A “National Day of Hate” against Jews that was planned by white supremacists and had triggered intense warnings from law enforcement and Jewish security officials, did not manifest any significant incidents on Saturday.
The Anti-Defamation League, which monitors hate, posted on Twitter that “despite concerns over increased antisemitic activity, 2/25 has so far been a pretty typical Saturday in America, w/ white supremacist protests in Florida & Georgia, antisemitic propaganda in TX, CA, FL & AZ — & white supremacists monetizing their hate-filled online livestreams.”
Synagogues and Jewish institutions across the United States had spent the preceding days bolstering their security procedures, reassuring their congregants, and requesting extra patrols from local police.
In an email on Friday, Julie Platt, chair of the Jewish Federations of North America wrote, “This is yet another example of how social media is contributing to the rise in antisemitism, this time by spreading and amplifying the activities of what is surely a very small group of people.”
As reported by the New York Post, about 75 congregants and guests gathered outside at the at Temple Emanu-El on Fifth Avenue synagogue to worship and hear from the clergy of other faiths.
“For me, today was a symbol of resistance, of being in solidarity with the Jewish people. With all of the threats and bad things, it’s a symbol of strength and solidarity,” said Jose del Rosairo, 29, of the Upper East Side, who is not of the Jewish faith, but came in support.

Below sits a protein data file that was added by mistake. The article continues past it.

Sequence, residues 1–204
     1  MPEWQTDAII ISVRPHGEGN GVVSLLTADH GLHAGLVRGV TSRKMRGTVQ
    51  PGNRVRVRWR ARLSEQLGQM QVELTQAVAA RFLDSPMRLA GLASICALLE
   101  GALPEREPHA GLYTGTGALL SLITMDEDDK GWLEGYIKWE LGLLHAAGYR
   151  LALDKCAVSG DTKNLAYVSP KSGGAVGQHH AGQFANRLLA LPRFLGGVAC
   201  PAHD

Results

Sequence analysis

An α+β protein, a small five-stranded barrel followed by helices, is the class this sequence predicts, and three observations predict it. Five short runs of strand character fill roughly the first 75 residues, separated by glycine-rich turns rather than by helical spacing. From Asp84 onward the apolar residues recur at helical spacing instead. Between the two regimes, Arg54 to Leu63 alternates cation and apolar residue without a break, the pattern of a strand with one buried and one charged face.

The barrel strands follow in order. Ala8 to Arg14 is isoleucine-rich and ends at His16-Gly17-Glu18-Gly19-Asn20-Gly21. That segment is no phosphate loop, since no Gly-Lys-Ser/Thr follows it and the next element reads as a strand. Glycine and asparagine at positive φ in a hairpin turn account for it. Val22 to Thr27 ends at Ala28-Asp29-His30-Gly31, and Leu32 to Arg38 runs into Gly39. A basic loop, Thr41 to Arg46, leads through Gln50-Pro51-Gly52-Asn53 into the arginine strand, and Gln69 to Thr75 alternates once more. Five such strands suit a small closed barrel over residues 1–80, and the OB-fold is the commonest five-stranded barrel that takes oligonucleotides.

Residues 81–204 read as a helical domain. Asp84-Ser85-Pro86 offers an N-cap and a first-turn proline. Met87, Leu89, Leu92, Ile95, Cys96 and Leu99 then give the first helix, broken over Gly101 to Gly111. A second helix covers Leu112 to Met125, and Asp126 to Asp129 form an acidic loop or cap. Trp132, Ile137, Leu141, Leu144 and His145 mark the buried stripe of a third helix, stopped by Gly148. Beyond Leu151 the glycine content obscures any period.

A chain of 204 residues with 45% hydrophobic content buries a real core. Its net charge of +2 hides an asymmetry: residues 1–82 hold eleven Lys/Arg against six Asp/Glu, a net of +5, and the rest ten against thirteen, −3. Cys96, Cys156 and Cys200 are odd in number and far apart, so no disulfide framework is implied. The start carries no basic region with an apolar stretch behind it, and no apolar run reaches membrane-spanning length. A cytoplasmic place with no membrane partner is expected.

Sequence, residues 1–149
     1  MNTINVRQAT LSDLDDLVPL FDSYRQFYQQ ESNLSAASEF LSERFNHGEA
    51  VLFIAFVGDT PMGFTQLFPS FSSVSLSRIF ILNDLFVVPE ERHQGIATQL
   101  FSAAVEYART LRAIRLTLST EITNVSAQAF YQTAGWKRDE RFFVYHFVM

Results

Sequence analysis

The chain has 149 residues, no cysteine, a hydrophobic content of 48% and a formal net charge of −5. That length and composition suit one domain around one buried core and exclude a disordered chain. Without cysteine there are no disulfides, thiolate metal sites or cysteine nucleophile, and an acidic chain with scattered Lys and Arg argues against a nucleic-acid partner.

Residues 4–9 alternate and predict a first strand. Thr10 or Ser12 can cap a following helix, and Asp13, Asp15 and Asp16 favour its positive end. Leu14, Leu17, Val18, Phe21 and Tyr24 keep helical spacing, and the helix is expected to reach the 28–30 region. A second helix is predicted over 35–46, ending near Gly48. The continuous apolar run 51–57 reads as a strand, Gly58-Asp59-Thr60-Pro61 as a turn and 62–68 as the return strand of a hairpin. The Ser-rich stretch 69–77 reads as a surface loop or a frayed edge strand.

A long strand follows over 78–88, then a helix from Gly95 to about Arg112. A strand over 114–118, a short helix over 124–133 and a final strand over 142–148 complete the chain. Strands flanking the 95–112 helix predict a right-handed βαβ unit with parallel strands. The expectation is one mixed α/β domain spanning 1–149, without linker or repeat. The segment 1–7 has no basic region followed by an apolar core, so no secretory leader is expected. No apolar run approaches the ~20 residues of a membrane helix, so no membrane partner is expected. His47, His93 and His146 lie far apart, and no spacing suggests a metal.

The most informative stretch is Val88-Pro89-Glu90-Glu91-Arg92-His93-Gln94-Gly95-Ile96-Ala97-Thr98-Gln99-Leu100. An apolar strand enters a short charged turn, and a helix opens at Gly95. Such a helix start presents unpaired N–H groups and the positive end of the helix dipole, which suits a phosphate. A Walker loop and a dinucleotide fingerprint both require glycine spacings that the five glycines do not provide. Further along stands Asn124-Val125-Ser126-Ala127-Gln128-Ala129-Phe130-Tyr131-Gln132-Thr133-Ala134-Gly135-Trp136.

“To be here with my friends and fellow congregants is a real shot in the arm. To be participating in an event like this is uplifting, obviously, and it’s an antidote to what we’re reading about and hearing about in the media,” said Jonathan Krivine, 72, of the Upper East Side, who has attended the synagogue for nearly 25 years.
The NYPD had stated that there were no identified threats to New York City, but out of an abundance of caution deployed extra resources to sensitive locations, including houses of worship, throughout the weekend.
Governor Hochul, who attended services at Congregation Beit Simchat Torah in Chelsea stated, “There are 20 million New Yorkers who are with you today and every day as we stand up and call out antisemitism and racism and homophobia and all the other isms, because there’s still far more of us than there are of them, and I want them to know that. […] “There is strength in numbers, but there’s also strength and a legacy of courage of standing up to evil…We stand up people of courage to make sure that the words ‘never again’ truly mean something.”